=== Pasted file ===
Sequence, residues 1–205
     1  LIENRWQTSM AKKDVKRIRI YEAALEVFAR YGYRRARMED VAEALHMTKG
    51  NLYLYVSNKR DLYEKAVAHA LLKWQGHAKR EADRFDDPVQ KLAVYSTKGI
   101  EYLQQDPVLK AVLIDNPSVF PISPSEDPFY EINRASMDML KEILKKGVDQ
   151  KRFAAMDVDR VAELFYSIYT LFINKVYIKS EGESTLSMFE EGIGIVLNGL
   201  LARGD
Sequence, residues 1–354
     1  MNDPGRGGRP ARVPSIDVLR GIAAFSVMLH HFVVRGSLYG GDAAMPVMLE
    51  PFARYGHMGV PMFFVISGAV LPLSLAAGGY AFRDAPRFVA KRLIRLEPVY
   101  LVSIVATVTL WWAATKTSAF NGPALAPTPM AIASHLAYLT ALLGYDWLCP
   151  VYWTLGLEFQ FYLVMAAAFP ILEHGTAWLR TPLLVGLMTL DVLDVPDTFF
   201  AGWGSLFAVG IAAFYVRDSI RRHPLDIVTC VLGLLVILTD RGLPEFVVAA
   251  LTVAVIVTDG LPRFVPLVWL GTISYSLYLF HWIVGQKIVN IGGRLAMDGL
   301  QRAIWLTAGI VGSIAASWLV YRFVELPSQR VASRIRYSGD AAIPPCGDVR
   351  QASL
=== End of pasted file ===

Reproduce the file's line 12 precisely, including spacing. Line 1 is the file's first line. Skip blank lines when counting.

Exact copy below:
   201  AGWGSLFAVG IAAFYVRDSI RRHPLDIVTC VLGLLVILTD RGLPEFVVAA